Reading between the (Experiments with) Truth

Man and his deed are two distinct things. ‘Hate the sin and not the sinner’ is a precept which, though easy enough to understand, is rarely practiced, and that is why the poison of hatred spreads in the world…

These words are of a man who made a deep impact on the psyche of not only India’s masses but also to the world at large. He was not only a man of words but he followed what he preached in fact he first experimented with his thoughts on himself and then only recommended others the medicine that could prove beneficial. Reason was tantamount in all his actions and with reason and a strong belief in Truth, he led India and its people towards a journey not only of freedom from foreign rule but a journey of freedom from the shackles of ignorance to the pursuit of truth and philosophy of non-violence.

This ahimsa is the basis of the search for truth. I am realizing everyday that the search is vain unless it is founded on ahimsa as the basis. It is quite proper to resist and attack a system, but to resist and attack its author is tantamount to resisting and attacking oneself.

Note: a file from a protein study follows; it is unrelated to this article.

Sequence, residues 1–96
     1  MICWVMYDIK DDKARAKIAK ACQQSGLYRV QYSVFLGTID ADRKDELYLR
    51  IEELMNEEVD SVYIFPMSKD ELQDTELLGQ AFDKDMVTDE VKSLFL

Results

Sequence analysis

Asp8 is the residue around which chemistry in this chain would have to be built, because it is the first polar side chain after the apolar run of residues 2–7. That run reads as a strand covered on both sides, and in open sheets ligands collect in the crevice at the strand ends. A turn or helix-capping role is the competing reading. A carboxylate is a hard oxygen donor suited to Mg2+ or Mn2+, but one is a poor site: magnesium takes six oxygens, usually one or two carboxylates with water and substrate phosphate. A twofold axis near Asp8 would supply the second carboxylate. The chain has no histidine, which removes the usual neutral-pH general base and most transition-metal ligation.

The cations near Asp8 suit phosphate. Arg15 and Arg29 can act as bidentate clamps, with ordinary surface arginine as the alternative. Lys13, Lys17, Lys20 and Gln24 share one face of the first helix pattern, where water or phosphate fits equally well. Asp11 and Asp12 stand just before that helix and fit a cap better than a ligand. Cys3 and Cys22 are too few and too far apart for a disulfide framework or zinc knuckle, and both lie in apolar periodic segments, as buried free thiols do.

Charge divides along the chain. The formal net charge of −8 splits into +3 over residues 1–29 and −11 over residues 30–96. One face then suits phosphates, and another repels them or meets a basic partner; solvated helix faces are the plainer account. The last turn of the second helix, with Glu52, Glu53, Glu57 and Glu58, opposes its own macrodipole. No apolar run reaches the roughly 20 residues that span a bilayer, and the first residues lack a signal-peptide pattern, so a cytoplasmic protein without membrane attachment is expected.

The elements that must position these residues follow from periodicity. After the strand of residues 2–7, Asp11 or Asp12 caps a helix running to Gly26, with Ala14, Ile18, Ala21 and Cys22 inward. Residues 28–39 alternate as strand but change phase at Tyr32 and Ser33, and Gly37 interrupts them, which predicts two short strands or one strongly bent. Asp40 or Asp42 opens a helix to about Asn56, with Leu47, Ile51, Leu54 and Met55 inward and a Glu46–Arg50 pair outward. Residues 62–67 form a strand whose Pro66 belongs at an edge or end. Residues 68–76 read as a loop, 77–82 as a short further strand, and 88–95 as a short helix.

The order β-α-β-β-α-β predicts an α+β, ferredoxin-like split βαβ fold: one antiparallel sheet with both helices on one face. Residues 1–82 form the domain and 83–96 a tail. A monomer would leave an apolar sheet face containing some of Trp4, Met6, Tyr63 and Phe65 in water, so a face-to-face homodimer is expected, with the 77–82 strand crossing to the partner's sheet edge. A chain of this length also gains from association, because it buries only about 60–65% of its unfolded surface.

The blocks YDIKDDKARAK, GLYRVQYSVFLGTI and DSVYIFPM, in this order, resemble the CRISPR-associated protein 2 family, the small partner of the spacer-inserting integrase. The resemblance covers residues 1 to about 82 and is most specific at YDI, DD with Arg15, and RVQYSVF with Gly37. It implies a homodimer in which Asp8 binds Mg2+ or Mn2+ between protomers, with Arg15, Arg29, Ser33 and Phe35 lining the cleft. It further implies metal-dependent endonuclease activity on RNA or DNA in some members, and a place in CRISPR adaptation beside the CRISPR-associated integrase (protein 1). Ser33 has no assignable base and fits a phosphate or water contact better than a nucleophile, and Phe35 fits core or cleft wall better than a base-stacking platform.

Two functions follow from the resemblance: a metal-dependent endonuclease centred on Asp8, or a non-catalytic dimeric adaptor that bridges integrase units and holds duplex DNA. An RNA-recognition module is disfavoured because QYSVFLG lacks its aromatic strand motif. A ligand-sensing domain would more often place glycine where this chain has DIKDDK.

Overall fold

The cover of 'The Story of My Experiments with Truth'

The cover of ‘The Story of My Experiments with Truth’, An Autobiography – M. K. Gandhi

The autobiography of Mahatma Gandhi or Mohandas Karamchand Gandhi, ‘The Story of My Experiments with Truth’, is filled with many such observations about Gandhiji’s continuous effort towards the practice of truth and non-violence as a result of a life sketched out of experiences and experiments, about which he confessed,

After all, however my striving after Ahimsa may have been, they have still been imperfect and inadequate…In fact what I have caught is only the faintest glimmer of that mighty effulgence. But this much I can say with assurance, as a result of all my experiments, that a perfect vision of Truth can only follow a complete realization of Ahimsa.

This book tells the story of Mahatma in his own words from his birth to the beginning of his active participation in Indian freedom struggle. He gave the masses of India a potent weapon in the form of non-violence through which they could participate in the Indian freedom struggle making it a popular mass movement. His ideas focused not only on the uprising of people and their awakening towards the cause of freedom but taking an active interest in self-purification. For him, this was the way Ahimsa could truly be practiced.